You cannot read everything, but you must ensure you cover sufficient breadth as well as depth to help you develop your knowledge base for the assessment. You ought to aim to read a minimum of 2 texts from the monthly reading. However, you cannot pass this module without undertaking wide reading!!! It is expected you will use the resources given you. Many of the sources are available electronically so make sure you know how to access via our library. The library runs fantastic drop- in sessions so don’t miss out!
The extended report will require students to devise a methodology to assess the impact on a defined population or community. The report will provide summative feedback at the end of the course.
This component will be assessed by the completion of extended report (4000 words) to test the module’s learning outcomes (LO1, LO2, LO3 and LO4). The report must include comprehensive analysis of the development (the same development re which you did your presentation), its impact on the specific target populations, development of the adequate method and methodology for the implementation of IA, describing the stages of IA and main activities. The report should be concluded with recommendations to a target audience.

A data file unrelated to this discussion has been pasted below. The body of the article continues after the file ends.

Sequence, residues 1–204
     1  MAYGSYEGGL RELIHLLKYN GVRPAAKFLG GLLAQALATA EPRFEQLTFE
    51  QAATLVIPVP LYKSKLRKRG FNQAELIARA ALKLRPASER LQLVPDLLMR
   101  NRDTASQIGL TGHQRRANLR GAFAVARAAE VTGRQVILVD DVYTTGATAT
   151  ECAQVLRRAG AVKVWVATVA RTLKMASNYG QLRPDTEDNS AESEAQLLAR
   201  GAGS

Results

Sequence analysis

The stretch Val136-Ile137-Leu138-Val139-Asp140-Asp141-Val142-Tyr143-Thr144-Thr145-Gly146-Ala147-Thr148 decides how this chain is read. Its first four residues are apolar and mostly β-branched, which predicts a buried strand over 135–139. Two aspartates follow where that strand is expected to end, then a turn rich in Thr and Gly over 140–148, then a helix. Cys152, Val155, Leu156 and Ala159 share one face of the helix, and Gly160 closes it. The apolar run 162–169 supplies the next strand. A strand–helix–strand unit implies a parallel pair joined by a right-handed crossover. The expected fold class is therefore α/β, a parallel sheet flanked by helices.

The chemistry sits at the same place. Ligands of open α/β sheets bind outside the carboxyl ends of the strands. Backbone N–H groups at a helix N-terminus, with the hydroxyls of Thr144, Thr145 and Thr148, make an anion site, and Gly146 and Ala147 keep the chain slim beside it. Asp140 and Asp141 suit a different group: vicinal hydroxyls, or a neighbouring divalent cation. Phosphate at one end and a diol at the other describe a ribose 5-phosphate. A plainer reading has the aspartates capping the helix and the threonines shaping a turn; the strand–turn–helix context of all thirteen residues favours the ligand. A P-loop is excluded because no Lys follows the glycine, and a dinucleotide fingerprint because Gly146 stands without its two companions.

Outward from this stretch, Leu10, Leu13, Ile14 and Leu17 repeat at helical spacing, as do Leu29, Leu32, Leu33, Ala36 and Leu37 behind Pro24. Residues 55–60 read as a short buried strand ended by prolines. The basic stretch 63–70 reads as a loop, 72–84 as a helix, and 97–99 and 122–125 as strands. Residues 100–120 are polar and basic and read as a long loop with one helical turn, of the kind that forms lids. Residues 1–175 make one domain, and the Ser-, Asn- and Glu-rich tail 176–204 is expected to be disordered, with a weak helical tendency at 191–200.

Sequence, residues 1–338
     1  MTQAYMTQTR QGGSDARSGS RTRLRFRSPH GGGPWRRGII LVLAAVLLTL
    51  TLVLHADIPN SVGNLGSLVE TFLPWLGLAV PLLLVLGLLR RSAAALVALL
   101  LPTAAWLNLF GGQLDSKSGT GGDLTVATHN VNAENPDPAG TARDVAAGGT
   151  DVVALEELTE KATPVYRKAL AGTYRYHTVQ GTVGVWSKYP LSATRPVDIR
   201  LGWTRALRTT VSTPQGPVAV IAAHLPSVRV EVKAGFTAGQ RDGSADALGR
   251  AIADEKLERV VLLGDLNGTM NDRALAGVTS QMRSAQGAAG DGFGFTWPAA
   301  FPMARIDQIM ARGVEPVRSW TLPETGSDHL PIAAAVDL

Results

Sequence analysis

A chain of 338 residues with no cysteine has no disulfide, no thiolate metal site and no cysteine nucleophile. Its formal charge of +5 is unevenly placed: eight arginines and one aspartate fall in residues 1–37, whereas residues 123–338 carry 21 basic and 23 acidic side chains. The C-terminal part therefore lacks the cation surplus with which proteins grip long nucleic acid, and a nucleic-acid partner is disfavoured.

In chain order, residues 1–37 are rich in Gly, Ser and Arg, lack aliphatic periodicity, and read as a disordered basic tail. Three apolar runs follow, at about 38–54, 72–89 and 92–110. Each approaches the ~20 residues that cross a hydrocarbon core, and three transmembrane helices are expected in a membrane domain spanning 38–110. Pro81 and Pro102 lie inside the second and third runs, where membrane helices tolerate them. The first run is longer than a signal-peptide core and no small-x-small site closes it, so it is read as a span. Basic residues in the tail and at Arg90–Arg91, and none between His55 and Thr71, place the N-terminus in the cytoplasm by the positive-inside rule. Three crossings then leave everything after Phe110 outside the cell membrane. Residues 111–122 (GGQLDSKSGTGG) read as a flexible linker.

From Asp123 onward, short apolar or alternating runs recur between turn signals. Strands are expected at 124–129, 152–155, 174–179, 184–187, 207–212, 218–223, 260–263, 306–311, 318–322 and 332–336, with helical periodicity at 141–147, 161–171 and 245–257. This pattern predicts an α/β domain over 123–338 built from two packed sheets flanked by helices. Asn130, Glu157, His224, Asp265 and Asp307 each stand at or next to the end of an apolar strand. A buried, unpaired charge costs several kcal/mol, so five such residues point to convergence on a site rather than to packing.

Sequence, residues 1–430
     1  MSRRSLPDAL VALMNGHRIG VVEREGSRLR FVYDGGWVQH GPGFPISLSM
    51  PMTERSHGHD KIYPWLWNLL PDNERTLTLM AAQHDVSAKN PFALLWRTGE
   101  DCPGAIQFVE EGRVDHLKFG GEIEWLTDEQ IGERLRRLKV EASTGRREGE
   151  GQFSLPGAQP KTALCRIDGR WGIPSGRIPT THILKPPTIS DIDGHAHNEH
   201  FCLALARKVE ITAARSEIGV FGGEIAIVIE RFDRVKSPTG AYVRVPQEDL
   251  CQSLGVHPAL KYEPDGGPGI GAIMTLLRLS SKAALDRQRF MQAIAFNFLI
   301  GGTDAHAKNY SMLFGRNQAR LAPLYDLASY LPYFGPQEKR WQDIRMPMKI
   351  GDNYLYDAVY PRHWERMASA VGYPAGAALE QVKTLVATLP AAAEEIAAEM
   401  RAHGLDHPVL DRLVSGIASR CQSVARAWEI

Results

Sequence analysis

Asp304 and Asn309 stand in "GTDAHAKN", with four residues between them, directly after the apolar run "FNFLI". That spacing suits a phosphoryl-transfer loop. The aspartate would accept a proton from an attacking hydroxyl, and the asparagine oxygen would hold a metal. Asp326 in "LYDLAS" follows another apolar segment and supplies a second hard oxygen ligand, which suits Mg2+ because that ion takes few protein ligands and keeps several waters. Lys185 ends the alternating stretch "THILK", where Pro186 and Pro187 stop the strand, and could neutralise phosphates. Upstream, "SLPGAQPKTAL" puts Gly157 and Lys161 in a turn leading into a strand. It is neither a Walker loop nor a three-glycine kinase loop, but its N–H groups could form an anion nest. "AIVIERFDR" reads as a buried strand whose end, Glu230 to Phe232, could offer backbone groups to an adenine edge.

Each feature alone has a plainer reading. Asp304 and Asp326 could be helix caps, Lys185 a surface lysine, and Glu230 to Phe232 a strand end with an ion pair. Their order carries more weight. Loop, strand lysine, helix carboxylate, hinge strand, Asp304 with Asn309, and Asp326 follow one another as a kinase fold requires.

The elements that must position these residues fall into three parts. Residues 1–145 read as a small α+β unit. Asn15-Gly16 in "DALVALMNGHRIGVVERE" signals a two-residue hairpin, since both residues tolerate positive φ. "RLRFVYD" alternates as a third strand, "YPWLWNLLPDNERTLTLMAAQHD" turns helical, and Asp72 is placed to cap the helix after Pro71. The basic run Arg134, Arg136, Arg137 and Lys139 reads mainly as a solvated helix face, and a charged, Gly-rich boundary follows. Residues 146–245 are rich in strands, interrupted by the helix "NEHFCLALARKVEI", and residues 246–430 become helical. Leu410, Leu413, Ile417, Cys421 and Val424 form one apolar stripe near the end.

The report should have the following structure:
1. Title Page The topic of the report
2. Introduction A clear statement of the issue/development to be discussed and
brief outline of the issue.
3. Evidence This includes any definitions of the development, key points,
discussion and analysis of the development based on evidence and relevant scholar knowledge about the issue. Also the comprehensive network of actors/stakeholders and participants should be discussed.
4. Impact Assessment This part should suggest the IA stages you propose to implement